I write nothing about the war in France, for I think you are
sufficiently informed about it ; nor of the report current of
Monsieur's illness. You will soon know it as certainly as we, if it
is true.—Antwerp, the last of April 1580.
P.S.—Kindly give Mr and Mrs Killigrew my humble respects,
with those of their poor gossip, who is still lying in.
Add. Fr. 1 p. [Ibid. XIII. 24.]
283. 'Report which came from Crate to the most reverend
Archbishop of Santo [py. Santiago] of the preparations
for war made in the ports of Spain.'
In the port of Cadiz are the Marquis of Santa Cruz, general of
the galleys of Spain, with 36 galleys and 20 ships ; general of them
Don Alonso de Bazan, his brother, with two tercios of 6,000
Spaniards ; maestre de campo, Don Luis Enriquez. Antonio Moreno
brings four companies of Don Pedro de Sotomayor's tercio, maestre
de campo of Lombardy.
At Gibraltar is Marcello Doria with 20 galleys of Prince Andrea
Doria and private persons, with one tercio of 3,000 Spaniards ;
maestre de campo, Don Antonio Zapata.
In the same port has arrived Fabrizio Colonna, son of Marcantonio,
with 10 galleys from Sicily and some people ; and four
companies of Don Diego Enriquez, maestre de campo.
The Prior of Hungary and Carlos Pinelo with 13 ships, and two
coroneles of 6,000 Italians from the kingdom of Naples.
Prospero Colonna with 7 ships and one coronelia of 3,000 Tuscans
From the district of Genoa and Lombards one coronelia of 4,000
gastadores (pioneers). Don Pedro de Medicis, brother of the Duke
of Florence, is general of all the Italian infantry. In this port are
expected 11 other ships with 6,000 Germans under the Count of
Lodron, who started from the port of La Espeque [Speke in the
translation, qy. Spezzia] on Jan. 23 last.
In the Alfagayas of Tortosa are 20 galleys from Naples which
came at the first, brought by Don Juan de Cardosa, with a tercio
from that kingdom of 3,000 Spanish infantry. As maestre del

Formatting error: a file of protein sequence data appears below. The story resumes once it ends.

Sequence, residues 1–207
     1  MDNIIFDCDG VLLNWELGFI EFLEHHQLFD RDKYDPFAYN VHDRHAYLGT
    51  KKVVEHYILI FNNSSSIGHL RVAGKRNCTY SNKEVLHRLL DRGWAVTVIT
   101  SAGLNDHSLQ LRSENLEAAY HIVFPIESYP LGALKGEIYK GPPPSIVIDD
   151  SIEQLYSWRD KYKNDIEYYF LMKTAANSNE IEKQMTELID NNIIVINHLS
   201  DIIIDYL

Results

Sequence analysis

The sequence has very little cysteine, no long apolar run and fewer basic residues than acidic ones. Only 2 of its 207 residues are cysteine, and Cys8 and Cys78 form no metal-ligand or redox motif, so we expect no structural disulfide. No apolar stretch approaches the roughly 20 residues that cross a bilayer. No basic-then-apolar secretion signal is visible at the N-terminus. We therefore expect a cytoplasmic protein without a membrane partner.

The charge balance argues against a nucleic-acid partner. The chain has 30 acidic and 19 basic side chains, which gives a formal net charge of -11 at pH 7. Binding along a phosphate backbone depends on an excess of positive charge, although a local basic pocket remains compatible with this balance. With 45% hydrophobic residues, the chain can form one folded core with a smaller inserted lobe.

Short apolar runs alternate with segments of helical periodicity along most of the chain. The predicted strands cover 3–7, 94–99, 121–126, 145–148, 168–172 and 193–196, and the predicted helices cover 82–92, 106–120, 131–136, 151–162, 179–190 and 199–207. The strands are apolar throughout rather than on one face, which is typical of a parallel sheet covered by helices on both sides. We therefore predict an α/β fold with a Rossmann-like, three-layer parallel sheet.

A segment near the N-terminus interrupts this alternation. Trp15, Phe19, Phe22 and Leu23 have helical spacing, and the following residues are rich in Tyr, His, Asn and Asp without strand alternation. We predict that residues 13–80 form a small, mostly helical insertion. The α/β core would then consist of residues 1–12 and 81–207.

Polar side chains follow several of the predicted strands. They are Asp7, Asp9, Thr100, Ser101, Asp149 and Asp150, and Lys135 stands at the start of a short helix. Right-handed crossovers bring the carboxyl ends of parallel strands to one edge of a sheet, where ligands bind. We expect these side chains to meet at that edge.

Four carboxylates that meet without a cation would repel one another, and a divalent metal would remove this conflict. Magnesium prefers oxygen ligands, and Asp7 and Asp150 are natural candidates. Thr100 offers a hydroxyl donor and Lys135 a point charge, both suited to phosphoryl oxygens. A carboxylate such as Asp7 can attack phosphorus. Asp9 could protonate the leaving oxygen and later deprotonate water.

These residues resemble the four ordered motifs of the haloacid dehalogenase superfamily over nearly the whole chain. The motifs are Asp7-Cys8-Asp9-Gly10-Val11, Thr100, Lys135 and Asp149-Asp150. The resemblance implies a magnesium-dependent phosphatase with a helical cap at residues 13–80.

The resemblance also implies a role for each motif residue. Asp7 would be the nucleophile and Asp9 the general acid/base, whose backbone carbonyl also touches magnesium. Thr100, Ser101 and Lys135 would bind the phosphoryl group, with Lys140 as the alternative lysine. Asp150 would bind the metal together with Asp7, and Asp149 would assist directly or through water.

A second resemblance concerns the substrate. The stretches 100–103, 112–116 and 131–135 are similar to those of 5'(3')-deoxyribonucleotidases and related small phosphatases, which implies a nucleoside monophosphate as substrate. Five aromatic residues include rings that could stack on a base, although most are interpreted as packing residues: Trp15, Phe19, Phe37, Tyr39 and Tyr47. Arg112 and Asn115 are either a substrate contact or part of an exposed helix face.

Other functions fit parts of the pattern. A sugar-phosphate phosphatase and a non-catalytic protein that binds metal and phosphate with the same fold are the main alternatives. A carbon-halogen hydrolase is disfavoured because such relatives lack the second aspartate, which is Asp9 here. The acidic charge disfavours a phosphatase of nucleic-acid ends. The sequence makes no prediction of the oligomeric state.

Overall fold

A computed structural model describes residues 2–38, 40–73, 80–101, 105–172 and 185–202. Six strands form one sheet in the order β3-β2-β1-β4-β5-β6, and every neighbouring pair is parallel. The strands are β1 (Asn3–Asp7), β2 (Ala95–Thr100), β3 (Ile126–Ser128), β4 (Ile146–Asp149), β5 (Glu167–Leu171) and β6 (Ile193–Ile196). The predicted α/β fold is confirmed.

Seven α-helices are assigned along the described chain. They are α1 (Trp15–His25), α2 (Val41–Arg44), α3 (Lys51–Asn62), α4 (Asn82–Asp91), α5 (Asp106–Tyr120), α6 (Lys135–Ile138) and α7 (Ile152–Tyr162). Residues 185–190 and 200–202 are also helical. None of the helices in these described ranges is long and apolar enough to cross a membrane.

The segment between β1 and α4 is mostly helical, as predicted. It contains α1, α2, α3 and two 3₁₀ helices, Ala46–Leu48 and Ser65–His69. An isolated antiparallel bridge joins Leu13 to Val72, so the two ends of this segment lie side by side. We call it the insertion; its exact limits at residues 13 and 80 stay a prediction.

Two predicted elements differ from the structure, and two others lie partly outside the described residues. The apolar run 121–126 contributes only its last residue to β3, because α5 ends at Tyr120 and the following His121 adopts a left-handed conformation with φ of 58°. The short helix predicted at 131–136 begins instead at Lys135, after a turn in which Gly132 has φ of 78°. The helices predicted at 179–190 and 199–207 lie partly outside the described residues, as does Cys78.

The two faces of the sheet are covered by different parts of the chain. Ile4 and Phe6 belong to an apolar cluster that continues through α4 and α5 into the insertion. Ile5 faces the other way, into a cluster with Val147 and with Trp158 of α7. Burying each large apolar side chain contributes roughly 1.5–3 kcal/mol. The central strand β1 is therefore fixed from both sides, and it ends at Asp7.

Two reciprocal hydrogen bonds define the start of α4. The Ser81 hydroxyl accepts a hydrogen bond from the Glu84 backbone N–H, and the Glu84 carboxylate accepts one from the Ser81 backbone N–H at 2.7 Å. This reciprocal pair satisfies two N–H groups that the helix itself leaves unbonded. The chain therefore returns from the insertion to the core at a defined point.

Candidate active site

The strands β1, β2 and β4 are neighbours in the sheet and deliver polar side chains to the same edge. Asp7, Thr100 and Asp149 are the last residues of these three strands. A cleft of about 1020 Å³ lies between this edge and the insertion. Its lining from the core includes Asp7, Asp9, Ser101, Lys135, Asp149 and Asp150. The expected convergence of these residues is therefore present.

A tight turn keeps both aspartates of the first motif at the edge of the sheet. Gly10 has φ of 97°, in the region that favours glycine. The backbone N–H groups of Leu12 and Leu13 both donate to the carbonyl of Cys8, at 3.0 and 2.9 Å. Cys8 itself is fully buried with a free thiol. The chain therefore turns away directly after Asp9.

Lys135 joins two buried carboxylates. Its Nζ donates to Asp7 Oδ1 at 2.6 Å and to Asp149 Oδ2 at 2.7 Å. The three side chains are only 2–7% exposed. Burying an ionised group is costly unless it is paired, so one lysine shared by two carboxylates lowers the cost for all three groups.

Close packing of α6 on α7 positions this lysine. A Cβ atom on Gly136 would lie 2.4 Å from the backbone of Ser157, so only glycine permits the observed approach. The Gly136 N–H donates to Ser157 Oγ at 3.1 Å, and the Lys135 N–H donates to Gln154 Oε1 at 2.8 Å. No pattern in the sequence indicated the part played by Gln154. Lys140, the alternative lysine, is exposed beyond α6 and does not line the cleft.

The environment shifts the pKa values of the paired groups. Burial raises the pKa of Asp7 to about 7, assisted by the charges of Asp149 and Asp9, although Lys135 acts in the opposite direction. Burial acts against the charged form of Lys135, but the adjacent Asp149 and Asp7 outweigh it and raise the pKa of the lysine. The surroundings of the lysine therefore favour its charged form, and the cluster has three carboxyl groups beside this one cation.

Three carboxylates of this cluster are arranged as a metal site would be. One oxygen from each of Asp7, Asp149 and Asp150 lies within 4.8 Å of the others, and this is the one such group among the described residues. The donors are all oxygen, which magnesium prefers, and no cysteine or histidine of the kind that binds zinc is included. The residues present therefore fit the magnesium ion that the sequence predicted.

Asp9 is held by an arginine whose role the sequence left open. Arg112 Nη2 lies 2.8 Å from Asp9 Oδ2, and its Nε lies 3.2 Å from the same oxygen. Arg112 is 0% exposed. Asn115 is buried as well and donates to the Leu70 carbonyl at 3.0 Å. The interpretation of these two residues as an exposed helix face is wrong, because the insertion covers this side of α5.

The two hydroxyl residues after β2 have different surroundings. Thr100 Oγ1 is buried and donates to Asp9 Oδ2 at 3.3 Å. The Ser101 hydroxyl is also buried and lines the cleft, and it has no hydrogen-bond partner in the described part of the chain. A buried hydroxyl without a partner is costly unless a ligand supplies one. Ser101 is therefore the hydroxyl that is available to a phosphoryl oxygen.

campo comes Don Pedro Gonzalez de Mendoza, son of the Marquis
The total is 86 galleys and 49 ships ; 13,000 Spaniards, 9,000
Italians, 6,000 Germans, 4,000 gastadores ; besides the sloops and
pinnaces (zambras) from the west coast, with the people, lances, and
mariners whom Don Juan Denys, Real of Biscay, brings, who are
Also many ships have come from Italy and Naples, with cargoes
of all sorts of supplies, arms, munitions and appurtenances of war,
with many people, the number of whom is not known.
There embark also Sancho de Avila, captain-general of the coast
of Granada with 300 horse. Besides there are being raised by the
Estates of Old Castile 6,000 infantry, besides the maestros de campo
Don Gabriel Nyno, — de Aya. In Estremadura much supplies
are being got together, and about Badajos they are fortifying some
places on the frontier of Portugal, in addition to the preparations
which the Alcalde Tejada is making in Tierra de Campos.
The officers of the army in addition to the captains-general, are
Luis de Barrientos, Castellan of Gayenta, quartermaster, Andres
de Avila, caterer that used to be to the galleys of Spain ; accountant,
Alonso de Alameda, who used to be so to the army of Flanders ;
paymaster, Juan de Portilla.
Sp. 1½ pp [Spain I. 45.]